“I’m John Wilkerson and this is Leslie Anderson.” I smiled at Leslie and I looked at John Wilkerson again. “Nice to meet you both,” I said softly, sadly. Would it rain? I wasn’t hungry, why did it feel like I was starving? “I’m Maggie Mitchell,” I mentioned nonchalantly, as I bent down to get into the cab. “And I will always love you, John Wilkerson.” Then I slammed down the cab door and the driver took off. Myisha giggled. “Wow, Mom. You were brave. How could you tell him like that, that you loved him? He must have thought you were crazy. He probably never forgot you.” “I don’t know. To this day, it was like something came and spoke through me, and gave me some guts, some boldness.” I laughed, giggling them same giggle I giggled as I sat in the back of the cab riding along to San Francisco. If nothing else, he will never forget me, I thought. I was nefarious. Wonderfully wicked. Brave even at eighteen. Brave enough to announce my love for an older man, a college student in front of his girlfriend. Wow, I thought. I’m not intimidated. But then I thought of Linda, as I rode silently all the way up to Martine’s house, where I paid the cab driver the outlandish cab fare. I walked up the stairway at peace with myself one minute. Then I rehearsed what I might have done differently, what I had done wrong. I had done nothing intentionally evil towards Linda, yet guilt came and stuck to me for one hot minute, and I cried as I stood on Martine’s doorstep ringing her bell (contemplating going back to Stanford). There she was, opening the door in all her glamour and benevolence. “Ah, Maggie,” she proclaimed like a star had arrived. “Come in, come in, your room awaits you.” The gang was all there, I noticed, and they greeted me warmly with applause. “I like your poetry,” one stranger I hadn’t seen before at Martine’s party announced. “It’s real poetry. These fools nowadays put some words on paper with some dots and parenthesis and they call it a poem. Whatever happened to complete sentences that rhyme? What a time we live in. What a time we live in. Junk passing for art.” “Who is he?” I asked as Martine accompanied me to my room, ‘cause I was already upset and I wanted him to shut up and leave me alone. “Things are happening for you,” she said with enthusiasm, ignoring my question. Bobo (her lover) was in the kitchen playing so eloquently on his bass.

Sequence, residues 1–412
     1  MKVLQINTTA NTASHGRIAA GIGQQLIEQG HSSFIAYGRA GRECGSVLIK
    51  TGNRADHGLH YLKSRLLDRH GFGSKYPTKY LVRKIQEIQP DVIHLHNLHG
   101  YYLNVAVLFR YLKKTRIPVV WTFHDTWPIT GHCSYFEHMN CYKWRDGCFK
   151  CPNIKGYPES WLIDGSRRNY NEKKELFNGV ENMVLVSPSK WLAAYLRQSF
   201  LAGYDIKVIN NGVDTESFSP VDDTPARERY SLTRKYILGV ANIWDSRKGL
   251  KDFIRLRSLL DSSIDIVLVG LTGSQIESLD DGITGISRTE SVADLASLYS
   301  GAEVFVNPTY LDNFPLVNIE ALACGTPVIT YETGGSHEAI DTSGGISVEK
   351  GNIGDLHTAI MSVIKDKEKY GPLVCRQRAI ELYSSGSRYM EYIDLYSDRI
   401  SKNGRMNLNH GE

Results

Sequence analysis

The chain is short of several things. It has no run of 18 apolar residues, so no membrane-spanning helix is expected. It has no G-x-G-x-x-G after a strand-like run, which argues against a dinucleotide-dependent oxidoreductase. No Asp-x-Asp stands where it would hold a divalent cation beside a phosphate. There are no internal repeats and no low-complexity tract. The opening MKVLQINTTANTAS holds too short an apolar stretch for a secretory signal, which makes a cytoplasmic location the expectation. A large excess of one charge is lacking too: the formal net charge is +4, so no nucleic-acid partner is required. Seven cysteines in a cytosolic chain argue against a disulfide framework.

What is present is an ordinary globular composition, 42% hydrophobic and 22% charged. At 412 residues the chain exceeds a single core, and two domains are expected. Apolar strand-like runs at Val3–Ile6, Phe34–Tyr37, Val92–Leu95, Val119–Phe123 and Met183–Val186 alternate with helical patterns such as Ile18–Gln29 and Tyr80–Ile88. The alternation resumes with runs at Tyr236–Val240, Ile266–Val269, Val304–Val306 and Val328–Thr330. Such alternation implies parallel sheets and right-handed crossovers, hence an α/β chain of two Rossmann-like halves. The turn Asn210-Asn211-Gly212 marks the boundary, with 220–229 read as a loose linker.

As I passed by he eyed me with sexual interest. It slipped out of him and I ignored it completely knowing for sure I was crazy to think such a thing. I couldn’t betray Martine. I didn’t like Bobo anyway. He was nice–buy goofy I thought, always depending on Martine for money and stuff. “David, the producer, wants to take you to New York and cut you a record my darling.” I didn’t say a word. “He fell madly in love with you and your work. He manages so many artists. Some of the great ones. Big ones. Singers, writers. He’s never managed a poet, he said. He wouldn’t know where to begin. I say, but of course with an album, drums, cellos, a little beat. He says, of course. It would be perfect.” “Martine, how can you understand me so well, so soon?” I asked sadly as I went into the kitchen, opening the icebox to find something to eat. What did I find? I don’t remember, some leftover something. “You are a soul sister,” I said to Martine as I sat down to eat, but I couldn’t eat. I was sick. I was in love. Martine shooed Bobo out of the kitchen with a conclusive wave of her manicured hand, and he consented kindly, no longer looking at me with lustful eyes. I was sure it was just a weak moment. I would never mention it and I was sure he wouldn’t either. “Eat. Eat,” Martine demanded. “You must eat.” “I can’t eat. I met the most beautiful man.” “College man? Professor?”: “Student.” “Oh, forget him,” Martine flouted. “Forget him. You will meet all kinds of wonderful men, artists, musicians, rock stars, and millionaires. What do you need with a college boy? Who is this college boy? Forget this college boy.” Martine finished with a stern smile. “Now eat.” A few evenings later Martine had David, the producer, over for dinner. Everything was very proper, correct and elegant. Candlelight, silk napkins, and a silk tablecloth, champagne, or wine, and dessert. Martine prepared a delicious pot of Paella (with crabs and shrimps and all kinds of wonderful fish that Martine and I had gotten down at Fisherman’s Wharf earlier that same day). The mood of the evening was amicable, warm–filled with one discussion after another–combative, but fun. Marshall Williams was over, a black writer–reading an article about himself in the latest Time Magazine where he was being lauded and acclaimed as a great American writer. His book climbing on the best seller lists. Bobo was there in perfect form, causing Martine to melt with his slightest touch. Briefly the two discussed the possibility of Marshall’s book being optioned for a movie. David sat silently most of the evening while this young Chinese writer shared his thoughts about how there was no God. Later on in the evening an expatriate who had lived in Paris, some black musician, with a beard and big bush hair taking French with Martine wandered in. Bobo proclaimed out of the blue that the government killed John F. Kennedy and how it was still all a conspiracy and how things would be different if he had lived.